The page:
After days of speculation over the sudden resignation of the National Association of Hispanic Journalists’ top executive and the motivations for withdrawing from a 2024 joint conference with its Black journalist counterpart, NABJ, members of the Latino journalism group confronted board members on Saturday with a litany of questions.
They left with few answers and mounting frustrations.
David Peña, NAHJ’s executive director until July 28, resigned 12 days before the start of the NAHJ 2023 conference. During the annual gathering, members learned that the organization was pulling out of an agreement with the National Association of Black Journalists to host a conference together in Chicago next year.
“I trusted you, but because we’re journalists we don’t just operate on trust,” said NAHJ member Dianna Nañez, who expressed her frustration over a lack of clear answers from members of the national board, who assembled on Saturday for a meeting with members.
“Don’t tell me what you can’t tell me,” she said. “Tell what you can.”
The board’s refusal to address some of these issues head on began on Tuesday during a news conference with the Latino Reporter, during which board members said Peña’s resignation was a “personnel issue” and declined to discuss any details.
As the gathering in Miami came to an end, NAHJ confirmed the organization will host its own conference to celebrate the journalism group’s 40th anniversary in Hollywood, Calif. Officials released a joint statement with NABJ on Saturday about the change of plan.
During Saturday’s meeting with members, about a dozen journalists asked the board to explain the sudden change of location, and why NAHJ pulled out of the joint conference with NABJ. NAHJ President Yvette Cabrera declined to offer details.
“That is a contract issue and those are legal related matters and I cannot discuss that.” Cabrera said.
Members had voiced concerns about holding this year’s conference in Florida over anxieties related to anti-LGBTQ+ laws and sentiments in the state. Manuelita Beck, an NAHJ member and senior politics editor at the Philadelphia Inquirer, said the organization had told those who were worried about this year’s location that moving the gathering was not an option.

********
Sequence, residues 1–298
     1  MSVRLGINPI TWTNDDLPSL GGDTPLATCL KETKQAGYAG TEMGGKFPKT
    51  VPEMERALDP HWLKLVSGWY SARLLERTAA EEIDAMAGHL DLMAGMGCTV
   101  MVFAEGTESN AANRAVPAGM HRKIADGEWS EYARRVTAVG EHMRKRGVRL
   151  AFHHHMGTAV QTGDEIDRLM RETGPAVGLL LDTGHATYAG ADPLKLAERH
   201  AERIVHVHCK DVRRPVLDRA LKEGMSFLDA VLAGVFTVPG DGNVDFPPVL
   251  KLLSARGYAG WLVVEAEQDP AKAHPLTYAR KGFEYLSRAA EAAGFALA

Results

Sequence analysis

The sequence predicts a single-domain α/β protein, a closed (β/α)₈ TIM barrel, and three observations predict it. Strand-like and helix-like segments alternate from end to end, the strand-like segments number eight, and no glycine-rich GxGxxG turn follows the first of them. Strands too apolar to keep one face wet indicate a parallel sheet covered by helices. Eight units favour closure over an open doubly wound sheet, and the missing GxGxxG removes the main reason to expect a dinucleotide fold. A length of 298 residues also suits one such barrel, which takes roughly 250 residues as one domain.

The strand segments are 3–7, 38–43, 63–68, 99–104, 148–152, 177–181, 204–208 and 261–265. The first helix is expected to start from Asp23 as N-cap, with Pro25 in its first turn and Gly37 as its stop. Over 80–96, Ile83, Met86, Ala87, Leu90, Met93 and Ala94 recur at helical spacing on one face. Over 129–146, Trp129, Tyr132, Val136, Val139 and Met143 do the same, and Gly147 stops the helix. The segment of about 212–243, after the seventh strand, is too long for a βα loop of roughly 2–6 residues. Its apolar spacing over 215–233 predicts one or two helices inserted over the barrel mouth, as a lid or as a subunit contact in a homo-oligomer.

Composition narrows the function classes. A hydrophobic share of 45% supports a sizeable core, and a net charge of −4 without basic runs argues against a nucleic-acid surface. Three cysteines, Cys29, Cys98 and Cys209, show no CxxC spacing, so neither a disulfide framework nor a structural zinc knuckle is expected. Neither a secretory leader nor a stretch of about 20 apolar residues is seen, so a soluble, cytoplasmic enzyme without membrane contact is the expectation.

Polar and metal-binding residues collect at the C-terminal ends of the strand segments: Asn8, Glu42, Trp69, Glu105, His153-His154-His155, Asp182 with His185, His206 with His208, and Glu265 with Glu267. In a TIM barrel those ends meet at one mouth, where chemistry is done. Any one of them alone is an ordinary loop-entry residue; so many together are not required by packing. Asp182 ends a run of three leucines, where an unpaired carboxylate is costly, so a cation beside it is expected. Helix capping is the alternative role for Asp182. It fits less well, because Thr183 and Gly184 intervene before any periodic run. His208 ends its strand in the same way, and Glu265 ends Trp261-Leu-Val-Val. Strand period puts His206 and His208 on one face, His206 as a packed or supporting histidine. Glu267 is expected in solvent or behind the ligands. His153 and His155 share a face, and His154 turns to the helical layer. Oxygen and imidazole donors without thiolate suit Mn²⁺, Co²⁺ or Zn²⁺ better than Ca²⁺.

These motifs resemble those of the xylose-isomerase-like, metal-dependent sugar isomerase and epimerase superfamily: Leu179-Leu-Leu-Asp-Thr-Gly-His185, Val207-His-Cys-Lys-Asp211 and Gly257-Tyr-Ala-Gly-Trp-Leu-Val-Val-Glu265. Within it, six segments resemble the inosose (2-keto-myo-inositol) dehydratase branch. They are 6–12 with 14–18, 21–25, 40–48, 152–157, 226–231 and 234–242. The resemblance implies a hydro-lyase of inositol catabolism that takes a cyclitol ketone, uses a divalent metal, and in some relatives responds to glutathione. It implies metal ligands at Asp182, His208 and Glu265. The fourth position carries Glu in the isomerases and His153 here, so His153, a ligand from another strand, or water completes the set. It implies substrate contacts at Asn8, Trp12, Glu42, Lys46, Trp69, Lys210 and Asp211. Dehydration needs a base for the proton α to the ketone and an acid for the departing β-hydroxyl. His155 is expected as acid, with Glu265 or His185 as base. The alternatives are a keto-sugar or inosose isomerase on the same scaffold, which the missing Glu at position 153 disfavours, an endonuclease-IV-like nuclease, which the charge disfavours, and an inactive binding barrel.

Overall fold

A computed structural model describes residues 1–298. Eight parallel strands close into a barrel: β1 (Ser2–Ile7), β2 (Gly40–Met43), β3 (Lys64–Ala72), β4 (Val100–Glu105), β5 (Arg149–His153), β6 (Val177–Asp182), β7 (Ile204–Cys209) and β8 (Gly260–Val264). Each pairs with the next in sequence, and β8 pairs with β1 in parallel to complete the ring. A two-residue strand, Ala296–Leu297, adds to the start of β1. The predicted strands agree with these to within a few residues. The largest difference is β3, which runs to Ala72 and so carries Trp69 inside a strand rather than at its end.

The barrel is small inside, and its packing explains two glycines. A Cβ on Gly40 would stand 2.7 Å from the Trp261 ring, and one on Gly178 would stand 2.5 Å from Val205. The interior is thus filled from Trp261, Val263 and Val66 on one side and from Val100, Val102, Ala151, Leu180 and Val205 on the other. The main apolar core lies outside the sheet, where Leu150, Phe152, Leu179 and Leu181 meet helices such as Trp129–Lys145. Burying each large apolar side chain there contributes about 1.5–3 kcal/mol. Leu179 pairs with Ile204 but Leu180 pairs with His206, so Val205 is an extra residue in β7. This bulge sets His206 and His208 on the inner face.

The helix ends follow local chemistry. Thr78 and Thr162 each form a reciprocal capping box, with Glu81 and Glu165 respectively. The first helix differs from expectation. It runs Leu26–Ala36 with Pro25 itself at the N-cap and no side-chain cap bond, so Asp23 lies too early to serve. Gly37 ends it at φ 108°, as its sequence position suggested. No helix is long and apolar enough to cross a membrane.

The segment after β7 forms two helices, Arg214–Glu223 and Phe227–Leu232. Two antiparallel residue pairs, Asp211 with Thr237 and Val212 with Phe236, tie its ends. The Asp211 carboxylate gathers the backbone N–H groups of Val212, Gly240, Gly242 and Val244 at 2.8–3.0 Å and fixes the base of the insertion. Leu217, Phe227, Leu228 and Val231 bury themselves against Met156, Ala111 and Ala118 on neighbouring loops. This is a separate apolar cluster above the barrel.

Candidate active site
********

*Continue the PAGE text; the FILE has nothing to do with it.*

She questioned why the same standard was not applied to next year’s conference.
“There are many people who are very upset with the organization’s response and their unwillingness to accommodate people who did not feel safe coming to Florida,” Beck said. “Now we’re gonna move because the 40th anniversary is coming? It’s just a very bad look.”
Other members questioned whether NAHJ would take a financial loss for pulling out of the joint conference with NABJ, but the board chose not to comment.
The former president of the Society of Professional Journalists and NAHJ Hall of Famer Rebecca Aguilar said she was concerned that the board did not seem willing or able to provide answers to its constituents.
“They had to put down a deposit. I believe that the president hides behind, ‘We can’t talk about it.’ But why? Did the lawyer say so? Who said it?” she said following the membership meeting.
Aguilar also said she understands Cabrera’s predicament, adding that NAHJ probably doesn’t want to put out information that could lead to misunderstandings.
Other members brought up an ad printed in the 2023 program that advertises a 40th anniversary celebration in May in California. It states “See you in Hollywood, CA. May 2024 for our 40th Anniversary Conference.”
Some members asked if broadcast journalists whose stations’ fiscal years are already budgeted will be able to allocate the funds to send people to next year’s conference. Cabrera declined to commit to a date for next year’s conference and said the organization would take that into consideration.
Cabrera said more information will be released when the board is able to release it.
“The less they say, it’s red flags, it’s speculation, it’s distrust” Aguillar said. “This is a journalism organization, the more open you are the better.”
Ammy Sanchez contributed to this report.
Itzel Giron is a senior at the University of Texas at El Paso majoring in multimedia journalism with a minor in creative writing. She is aspiring to become a broadcast journalist. Reach her at iagiron [at] miners [dot] utep [dot] edu or onTwitter @itzel_anahi_16.
Evelyn Mejia is a senior at the University of Nebraska-Lincoln majoring in journalism with a minor in Spanish. She is currently a fellow at The Flatwater Free Press and aspires to become an investigative reporter. Reach her at evelynmejiasal [at] gmail [dot] com or on Twitter at @evelynmejiaaa.